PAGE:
and socket.setblocking

Francesco Bochicchio bockman at
Tue Dec 30 19:19:08 CET 2008

Laszlo Nagy ha scritto:
> I'm using this method to read from a socket:
>    def read_data(self,size):
>        """Read data from connection until a given size."""
>        res = ""
>        fd = self.socket.fileno()
>        while not self.stop_requested.isSet():
>            remaining = size - len(res)
>            if remaining<=0:
>                break
>            # Give one second for an incoming connection so we can stop the
>            # server in seconds when needed
>            ready =[fd], [], [], 1)
>            if fd in ready[0]:
>                data = self.socket.recv(min(remaining,8192)) # 8192 is
> recommended by socket.socket manual.
>                if not data:
>                    # select returns the fd but there is no data to read
> -> connection closed!
>                    raise TransportError("Connection closed.")
>                else:
>                    res += data
>            else:
>                pass
>        if self.stop_requested.isSet():
>            raise SystemExit(0)
>        return res
> This works: if I close the socket on the other side, then I see this in
> the traceback:
>  File "/usr/home/gandalf/Python/Projects/OrbToy/orb/", line
> 233, in read_data
>    raise TransportError("Connection closed.")
> TransportError: Connection closed.
> Also when I call stop_requested.set() then the thread stops within one
> seconds.
> Then I switch to non blocking mode, my code works exactly the same way,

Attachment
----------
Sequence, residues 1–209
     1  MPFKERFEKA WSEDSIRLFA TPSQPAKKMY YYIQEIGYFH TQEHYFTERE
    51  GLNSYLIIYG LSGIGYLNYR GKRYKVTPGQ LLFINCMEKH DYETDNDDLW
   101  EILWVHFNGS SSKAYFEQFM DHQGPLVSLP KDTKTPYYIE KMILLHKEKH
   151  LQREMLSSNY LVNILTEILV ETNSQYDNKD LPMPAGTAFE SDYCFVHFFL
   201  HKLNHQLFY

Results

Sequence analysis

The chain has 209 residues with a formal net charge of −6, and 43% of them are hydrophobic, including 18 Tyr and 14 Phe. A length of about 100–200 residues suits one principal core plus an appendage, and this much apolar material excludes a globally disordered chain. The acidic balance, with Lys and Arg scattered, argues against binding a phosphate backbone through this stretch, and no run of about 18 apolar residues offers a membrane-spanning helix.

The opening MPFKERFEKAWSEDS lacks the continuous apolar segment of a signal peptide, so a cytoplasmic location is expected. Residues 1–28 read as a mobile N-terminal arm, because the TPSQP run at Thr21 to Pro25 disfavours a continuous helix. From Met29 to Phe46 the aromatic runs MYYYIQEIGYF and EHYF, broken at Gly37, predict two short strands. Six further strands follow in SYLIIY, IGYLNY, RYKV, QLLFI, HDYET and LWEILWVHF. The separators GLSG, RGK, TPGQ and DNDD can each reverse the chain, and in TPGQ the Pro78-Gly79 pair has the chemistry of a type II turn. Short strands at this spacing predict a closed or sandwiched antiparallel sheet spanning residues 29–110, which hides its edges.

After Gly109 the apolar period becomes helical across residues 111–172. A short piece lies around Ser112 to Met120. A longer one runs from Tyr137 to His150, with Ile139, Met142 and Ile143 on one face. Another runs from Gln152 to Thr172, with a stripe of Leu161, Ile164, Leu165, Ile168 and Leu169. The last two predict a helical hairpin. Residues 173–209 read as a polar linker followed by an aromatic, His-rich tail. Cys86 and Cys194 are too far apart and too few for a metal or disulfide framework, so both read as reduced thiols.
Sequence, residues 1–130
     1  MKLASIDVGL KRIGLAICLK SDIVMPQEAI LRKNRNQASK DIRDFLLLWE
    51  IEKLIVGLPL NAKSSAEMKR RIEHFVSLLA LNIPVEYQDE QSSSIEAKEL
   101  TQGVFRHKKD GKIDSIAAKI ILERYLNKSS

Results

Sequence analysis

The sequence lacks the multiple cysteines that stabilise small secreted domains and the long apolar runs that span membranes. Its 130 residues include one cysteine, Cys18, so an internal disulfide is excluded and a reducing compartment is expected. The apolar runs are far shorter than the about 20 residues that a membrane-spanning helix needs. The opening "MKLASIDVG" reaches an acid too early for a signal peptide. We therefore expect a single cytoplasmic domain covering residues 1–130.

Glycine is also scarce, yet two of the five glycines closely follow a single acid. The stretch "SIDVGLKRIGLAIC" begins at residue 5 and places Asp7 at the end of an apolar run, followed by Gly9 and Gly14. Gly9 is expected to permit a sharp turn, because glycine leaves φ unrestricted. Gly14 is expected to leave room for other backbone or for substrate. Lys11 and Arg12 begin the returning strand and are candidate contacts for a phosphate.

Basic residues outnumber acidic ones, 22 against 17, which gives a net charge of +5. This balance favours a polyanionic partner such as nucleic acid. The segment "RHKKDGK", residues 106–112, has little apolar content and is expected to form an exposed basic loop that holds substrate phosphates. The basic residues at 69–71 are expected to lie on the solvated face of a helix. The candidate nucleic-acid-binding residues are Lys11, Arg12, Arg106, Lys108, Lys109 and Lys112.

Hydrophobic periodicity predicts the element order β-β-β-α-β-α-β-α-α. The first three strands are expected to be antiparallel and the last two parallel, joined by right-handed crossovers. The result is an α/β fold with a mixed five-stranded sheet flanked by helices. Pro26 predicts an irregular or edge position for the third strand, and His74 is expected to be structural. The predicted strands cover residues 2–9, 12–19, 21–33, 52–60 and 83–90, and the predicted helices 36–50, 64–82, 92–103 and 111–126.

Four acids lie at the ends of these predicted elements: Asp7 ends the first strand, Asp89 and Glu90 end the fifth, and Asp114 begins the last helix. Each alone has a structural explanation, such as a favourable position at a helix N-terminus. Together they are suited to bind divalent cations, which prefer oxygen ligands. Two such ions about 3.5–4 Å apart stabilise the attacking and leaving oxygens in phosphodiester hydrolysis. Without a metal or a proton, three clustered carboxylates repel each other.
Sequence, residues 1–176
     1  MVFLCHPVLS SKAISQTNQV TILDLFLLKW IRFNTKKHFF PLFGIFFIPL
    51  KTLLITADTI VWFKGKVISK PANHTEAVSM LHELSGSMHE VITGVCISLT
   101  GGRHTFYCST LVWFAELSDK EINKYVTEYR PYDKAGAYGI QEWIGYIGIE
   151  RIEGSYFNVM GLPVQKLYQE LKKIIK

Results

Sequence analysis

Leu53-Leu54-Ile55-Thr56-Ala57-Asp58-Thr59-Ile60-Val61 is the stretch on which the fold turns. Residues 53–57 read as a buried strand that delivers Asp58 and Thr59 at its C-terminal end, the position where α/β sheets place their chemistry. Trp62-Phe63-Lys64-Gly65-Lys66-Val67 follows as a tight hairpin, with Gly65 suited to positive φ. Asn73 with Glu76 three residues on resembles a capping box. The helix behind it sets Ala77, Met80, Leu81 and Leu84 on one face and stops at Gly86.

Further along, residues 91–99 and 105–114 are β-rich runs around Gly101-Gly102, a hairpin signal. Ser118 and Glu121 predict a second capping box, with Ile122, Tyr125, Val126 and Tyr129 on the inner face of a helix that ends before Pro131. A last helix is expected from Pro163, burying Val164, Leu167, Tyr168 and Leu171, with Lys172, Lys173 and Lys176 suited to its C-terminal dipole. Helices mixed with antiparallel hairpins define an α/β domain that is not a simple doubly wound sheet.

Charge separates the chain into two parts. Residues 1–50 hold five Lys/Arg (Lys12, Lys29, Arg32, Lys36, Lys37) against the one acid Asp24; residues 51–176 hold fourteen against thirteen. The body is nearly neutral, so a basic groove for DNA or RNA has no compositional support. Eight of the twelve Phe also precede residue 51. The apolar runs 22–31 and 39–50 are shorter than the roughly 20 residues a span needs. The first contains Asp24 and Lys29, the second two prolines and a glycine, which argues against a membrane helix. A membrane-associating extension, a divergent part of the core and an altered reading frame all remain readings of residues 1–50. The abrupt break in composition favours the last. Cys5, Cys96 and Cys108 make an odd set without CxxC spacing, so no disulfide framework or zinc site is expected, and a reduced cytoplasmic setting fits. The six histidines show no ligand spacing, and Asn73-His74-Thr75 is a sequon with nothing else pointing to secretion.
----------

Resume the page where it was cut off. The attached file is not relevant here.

> or at least I see no difference.
> I have read the socket programming howto (
> ) but it does not
> explain how a blocking socket + select is different from a non blocking
> socket + select. Is there any difference?
> Thanks
Couple of remarks:

1. AFAIK, select in python accepts also socket objects, or anything 
which has a fileno() method returning an integer. So you don't need to 
extract the fileno from the socket (python will do for you) although it 
does no harm.

2. IMO, the behaviour of your code is correct: with TCP protocol, when 
the remote ends disconnects, your end receives a 'read event' without 
data; you should just handle the fact that recv returns nothing as 
normal, not as error, and close your end of the connection.

If you are interested in socket errors, you should
also fill the third 'fd-set' in the select call, and after select 
returns check that fd is not in it anymore:

ready = [fd],[], [fd] )
if fd in ready[2]:
    # raise your error here

3. AFAIK (sorry, I feel acronym-ly today ;), there is no difference in 
select between blocking and non-blocking mode. The difference is in the
recv (again, assuming that you use TCP as protocol, that is AF_INET, 
SOCK_STREAM), which in the blocking case would wait to receive all the 
bytes that you requested, or the disconnection, in the other case would 
return immediately (and you should check the number of returned bytes, 
and when you read the remaining bytes of the message put the pieces 
together). I myself tend to avoid using non-blocking sockets, since 
blocking sockets are much easier to handle...



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